"Merete Kristiansen and Kate Barron may be on the verge of revolutionizing the Canadian art world."
- anne watson, the vancouver observer
october 29, 2012
Agnes Hanna has dealt with her fair share of graffiti in the 54 years that she’s owned the two-storey building at 895 Queen St. West.
Indecipherable scribbling has been spray painted on her front door. Walls have been tagged. She’s removed the graffiti every time, disappointed that people could be so careless, so “cruel.”
But now, after the city issued an order for her to remove the latest smattering of paint from her property — thick orange letters painted on the west side of her building near the roof — the 75-year-old landlord has changed her perspective. She wants to keep it.
“It’s very nice, artistic, not-scribbled art,” Hanna said. “This is sort of pretty.”
The piece of graffiti is one of nine to be discussed at this week’s meeting of the city’s new Graffiti Panel. The five-member board of city staffers will rule for the first time on whether such murals constitute street art, or vandalism. It’s the culmination of the city’s new graffiti approach, in the works for more than a year.
“It’s a great new thing,” said Robert Sysak, executive director of the West Queen West Business Improvement Area, which is supporting Hanna’s Graffiti Panel application to “regularize” the painting on her building. “It’s a move in the right direction for sure.”
Graffiti was highlighted at City Hall after Mayor Rob Ford was elected. In his inaugural speech, he spoke of the need to reduce graffiti.
In June 2011, a report on Toronto’s graffiti policy recommended the creation of a panel that would allow property owners to apply for permission to keep graffiti on their buildings. Previously, violation notices were issued when graffiti was spotted, and owners were ordered to remove it at their own expense. Hanna said she has had to pay more than $90 an hour to have it removed.
According to the report, the city spends more than $1 million per year to clean up graffiti and enforce the rules. It noted that many businesses were “re-vandalized within a very short time” of removing graffiti.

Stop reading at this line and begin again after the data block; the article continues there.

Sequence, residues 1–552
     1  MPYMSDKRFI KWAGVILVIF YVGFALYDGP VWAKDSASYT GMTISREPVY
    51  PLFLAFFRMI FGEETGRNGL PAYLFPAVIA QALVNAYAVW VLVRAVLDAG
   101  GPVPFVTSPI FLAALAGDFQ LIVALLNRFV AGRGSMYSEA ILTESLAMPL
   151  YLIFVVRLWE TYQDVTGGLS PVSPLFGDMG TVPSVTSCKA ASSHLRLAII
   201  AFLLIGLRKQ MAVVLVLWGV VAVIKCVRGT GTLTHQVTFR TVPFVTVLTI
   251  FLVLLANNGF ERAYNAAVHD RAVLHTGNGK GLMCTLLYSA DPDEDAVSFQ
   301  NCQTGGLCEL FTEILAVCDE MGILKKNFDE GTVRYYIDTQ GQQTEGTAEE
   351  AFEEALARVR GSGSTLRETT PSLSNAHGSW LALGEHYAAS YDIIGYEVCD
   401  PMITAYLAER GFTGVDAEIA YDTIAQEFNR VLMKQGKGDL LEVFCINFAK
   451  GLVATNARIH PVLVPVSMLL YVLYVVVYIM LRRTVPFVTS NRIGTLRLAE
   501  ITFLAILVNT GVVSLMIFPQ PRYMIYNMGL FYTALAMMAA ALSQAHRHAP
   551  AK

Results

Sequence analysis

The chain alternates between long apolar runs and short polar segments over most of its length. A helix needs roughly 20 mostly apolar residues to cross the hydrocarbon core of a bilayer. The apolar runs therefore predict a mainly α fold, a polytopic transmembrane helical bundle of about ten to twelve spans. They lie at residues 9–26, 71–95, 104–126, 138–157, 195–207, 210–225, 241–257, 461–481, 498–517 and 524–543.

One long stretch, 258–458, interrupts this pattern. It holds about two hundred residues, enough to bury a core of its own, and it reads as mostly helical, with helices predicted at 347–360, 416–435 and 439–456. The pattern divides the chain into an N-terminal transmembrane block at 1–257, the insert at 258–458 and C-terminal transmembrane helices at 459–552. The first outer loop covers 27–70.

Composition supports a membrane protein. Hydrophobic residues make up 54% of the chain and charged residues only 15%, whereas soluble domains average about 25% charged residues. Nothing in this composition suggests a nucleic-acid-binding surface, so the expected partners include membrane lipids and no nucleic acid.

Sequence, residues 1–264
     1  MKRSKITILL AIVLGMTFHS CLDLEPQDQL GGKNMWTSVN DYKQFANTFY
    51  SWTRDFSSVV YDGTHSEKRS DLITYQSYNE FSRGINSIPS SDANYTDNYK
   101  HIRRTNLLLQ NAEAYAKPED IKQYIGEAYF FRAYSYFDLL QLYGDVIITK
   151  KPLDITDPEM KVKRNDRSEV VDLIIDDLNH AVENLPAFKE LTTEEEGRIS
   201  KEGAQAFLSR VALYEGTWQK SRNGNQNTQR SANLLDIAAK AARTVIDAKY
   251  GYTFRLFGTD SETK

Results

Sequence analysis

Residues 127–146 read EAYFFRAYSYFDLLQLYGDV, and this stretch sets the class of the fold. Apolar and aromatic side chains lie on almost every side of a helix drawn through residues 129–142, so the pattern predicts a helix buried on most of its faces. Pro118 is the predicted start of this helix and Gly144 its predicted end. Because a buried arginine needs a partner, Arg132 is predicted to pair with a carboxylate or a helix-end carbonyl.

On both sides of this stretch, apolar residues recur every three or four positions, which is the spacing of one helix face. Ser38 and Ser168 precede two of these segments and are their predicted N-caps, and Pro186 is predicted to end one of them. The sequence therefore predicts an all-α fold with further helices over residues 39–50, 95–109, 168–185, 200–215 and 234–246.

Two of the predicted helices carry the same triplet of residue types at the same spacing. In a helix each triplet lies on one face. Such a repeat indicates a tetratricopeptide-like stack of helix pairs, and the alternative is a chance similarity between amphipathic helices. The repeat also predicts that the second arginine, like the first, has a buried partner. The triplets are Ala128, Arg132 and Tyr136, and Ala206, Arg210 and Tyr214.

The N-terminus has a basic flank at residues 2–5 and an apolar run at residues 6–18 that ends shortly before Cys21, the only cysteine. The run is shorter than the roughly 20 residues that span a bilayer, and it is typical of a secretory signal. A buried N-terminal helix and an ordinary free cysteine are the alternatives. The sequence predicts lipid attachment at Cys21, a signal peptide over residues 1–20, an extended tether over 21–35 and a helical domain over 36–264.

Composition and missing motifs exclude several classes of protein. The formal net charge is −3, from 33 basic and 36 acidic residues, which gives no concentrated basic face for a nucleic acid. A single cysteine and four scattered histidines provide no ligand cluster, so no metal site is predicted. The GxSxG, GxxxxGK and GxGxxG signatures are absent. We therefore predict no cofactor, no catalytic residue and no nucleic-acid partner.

For Sysak, the new rules — which went into effect Jan. 1 — will give people more of a say in how to deal with graffiti on their property.
“It’s an opportunity for businesses and artists to put some work up,” Sysak said. “It’s a progressive thing.”
Business owners like Hanna argue that acceptable graffiti not only looks nice, but also prevents there being a blank canvas for itinerant vandals to repeatedly tag.
“It might not be Picasso, but it’s a million times better than the random vulgar graffiti that kept popping up in the past,” wrote the property owner at 947 Kingston Rd. in her application to the Graffiti Panel to keep the mural on the side of her business.
The panel is slated to meet Friday, Nov. 2, at 9:30 a.m.
Under the new rules, the city defines “graffiti art” as: “Markings made or affixed to property that are approved by the property owner or occupant, where the markings aesthetically enhance the surface they cover and the general surroundings, having regard to the community character and standards.”
Graffiti “vandalism” is: any markings not currently exempted or regularized by the city, and was either made without permission of the property owner, is considered to be a “tag,” is believed to possibly “incite hatred or violence” or “contains profane, vulgar or offensive language.”
via: the toronto star